Provincial protection of a rare glass sponge reef near Gambier Island was cause for celebration today for Environment Minister Mary Polak, West Vancouver-Sea to Sky MLA Jordan Sturdy, the Marine Life Sanctuaries Society, the Underwater Council of British Columbia and the Vancouver Aquarium.
The three organizations worked together to develop a proposal for the protection of these prehistoric glass sponges.
The Province is building on the proposal by expanding Halkett Bay Marine Park. One hundred thirty-six hectares of marine foreshore has been added to the park, protecting the fragile glass sponge reef.
The Gambier Island reef is one of only three known glass sponge reefs located in shallow water (30 metres) and is the only known reef adjacent to sponge garden habitat. The shallow water makes the reef easily accessible for scientists and scuba divers to study this unique habitat. Glass sponges are typically found only in very deep waters.
Mary Polak, Environment Minister –
“B.C.’s Howe Sound is the only place in the world where a glass sponge reef can be safely studied by scientists. The extension of Halkett Bay Marine Park protects and preserves this international treasure.”
Jordan Sturdy, Parliamentary Secretary for Energy Literacy and the Environment for the Minister of Environment, and MLA for West Vancouver-Sea to Sky –
“Working with community groups on the protection of special ecosystems for years has given me a great appreciation for these waters. I am proud of the cooperative steps taken to ensure these living fossils are preserved for generations.”
Glen Dennison, Marine Life Sanctuaries Society –
“In addition to filtering massive quantities of water, these glass sponge reefs appear to act as habitat for severely depleted rockfish stocks. We look forward to working with BC Parks and our partners to further study and protect this, and other reefs, with a goal of creating a network of No-Take Marine Protected Areas.”
Adam Taylor, Underwater Council of British Columbia –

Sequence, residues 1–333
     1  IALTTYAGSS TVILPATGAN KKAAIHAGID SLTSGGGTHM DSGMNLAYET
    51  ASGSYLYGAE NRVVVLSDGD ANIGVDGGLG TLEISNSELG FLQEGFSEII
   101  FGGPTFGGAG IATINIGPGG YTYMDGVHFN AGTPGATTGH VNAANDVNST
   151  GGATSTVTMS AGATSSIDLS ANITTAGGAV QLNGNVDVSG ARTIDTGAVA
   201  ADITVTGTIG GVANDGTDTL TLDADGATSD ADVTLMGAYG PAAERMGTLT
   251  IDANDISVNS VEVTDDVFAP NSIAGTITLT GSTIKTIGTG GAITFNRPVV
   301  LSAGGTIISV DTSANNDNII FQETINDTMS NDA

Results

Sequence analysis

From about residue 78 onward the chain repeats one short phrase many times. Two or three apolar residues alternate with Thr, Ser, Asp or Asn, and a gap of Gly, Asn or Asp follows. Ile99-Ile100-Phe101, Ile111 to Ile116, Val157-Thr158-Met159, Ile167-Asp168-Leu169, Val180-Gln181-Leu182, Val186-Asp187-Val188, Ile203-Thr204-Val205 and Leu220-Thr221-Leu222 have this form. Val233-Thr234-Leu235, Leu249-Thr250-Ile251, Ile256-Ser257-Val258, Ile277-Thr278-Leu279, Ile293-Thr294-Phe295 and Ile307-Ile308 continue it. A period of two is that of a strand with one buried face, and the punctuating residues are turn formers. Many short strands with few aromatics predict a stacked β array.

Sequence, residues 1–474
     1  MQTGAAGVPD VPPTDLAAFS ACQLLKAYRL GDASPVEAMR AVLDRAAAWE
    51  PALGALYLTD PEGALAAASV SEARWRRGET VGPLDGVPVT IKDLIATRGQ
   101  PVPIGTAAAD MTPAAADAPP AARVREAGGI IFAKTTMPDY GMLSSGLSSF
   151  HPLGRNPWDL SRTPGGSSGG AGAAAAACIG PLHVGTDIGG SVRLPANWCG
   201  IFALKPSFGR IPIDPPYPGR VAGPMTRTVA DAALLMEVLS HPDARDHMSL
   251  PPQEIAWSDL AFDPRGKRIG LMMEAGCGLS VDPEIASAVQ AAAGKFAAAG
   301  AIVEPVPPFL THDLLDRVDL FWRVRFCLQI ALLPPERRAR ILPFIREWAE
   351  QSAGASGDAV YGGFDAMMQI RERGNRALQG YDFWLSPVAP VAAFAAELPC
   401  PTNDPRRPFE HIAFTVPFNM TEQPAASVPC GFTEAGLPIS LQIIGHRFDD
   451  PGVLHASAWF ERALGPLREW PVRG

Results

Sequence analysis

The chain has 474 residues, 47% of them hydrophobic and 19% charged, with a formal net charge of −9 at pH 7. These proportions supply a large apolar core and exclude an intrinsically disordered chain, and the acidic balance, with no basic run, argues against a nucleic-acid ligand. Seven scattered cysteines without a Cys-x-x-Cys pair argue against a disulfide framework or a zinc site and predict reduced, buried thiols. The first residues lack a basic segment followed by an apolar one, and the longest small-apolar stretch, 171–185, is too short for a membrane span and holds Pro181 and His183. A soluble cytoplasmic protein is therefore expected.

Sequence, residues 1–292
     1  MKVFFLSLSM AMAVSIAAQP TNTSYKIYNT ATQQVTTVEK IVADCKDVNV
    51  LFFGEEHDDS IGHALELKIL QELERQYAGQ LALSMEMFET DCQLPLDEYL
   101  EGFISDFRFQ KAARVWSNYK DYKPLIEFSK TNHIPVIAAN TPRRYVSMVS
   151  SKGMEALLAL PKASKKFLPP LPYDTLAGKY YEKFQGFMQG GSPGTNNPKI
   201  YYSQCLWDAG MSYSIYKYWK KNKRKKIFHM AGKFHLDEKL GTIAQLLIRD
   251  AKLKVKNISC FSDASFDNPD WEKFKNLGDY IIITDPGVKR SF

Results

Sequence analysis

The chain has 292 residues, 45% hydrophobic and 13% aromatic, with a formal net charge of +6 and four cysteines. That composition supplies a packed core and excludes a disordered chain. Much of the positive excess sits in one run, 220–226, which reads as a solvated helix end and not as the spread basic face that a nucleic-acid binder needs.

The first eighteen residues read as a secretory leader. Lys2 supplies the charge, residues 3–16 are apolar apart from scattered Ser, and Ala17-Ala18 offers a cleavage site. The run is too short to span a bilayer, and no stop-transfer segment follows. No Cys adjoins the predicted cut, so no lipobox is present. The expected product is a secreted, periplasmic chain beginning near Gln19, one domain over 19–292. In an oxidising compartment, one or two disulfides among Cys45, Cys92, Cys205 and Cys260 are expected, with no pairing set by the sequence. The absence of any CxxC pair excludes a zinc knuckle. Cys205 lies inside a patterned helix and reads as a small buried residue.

“As SCUBA divers, we see first-hand the changes occurring in our marine environment. This park expansion will offer both recreational and scientific divers the opportunity to visit a globally unique ecosystem and help observe the role these reefs play in the environment.”
Dr. Jeff Marliave, senior research scientist, Coastal Ocean Research Institute, Vancouver Aquarium Marine Science Centre –
“The Aquarium’s Coastal Ocean Research Institute looks forward to the opportunities that the expansion of Halkett Bay Marine Park will provide for citizen science divers to document observations of the glass sponge reef, observations that may help us understand climate change.”
- The boundary of Halkett Bay Marine Park was modified through the Protected Areas of British Columbia Amendment Act, 2016, which received Royal Assent on May 19, 2016.
- B.C. is recognized as having one of the largest protected areas systems in North America.
- 37% of B.C.’s land base is under some type of conservation designation, ranging from wildlife habitat areas and old growth management areas to parks, conservancies and protected areas.
For more information on the Protected Areas of B.C. Amendment Act, 2016, please visit: http://ow.ly/4nt4h4
See photos of glass sponges here: http://ow.ly/4nt4os
Learn more about the Marine Life Sanctuaries Society of British Columbia at: https://mlssbc.com/
For more information about the Underwater Council of British Columbia, please visit: http://underwatercouncilbc.org/
Visit the Vancouver Aquarium online at: http://www.vanaqua.org/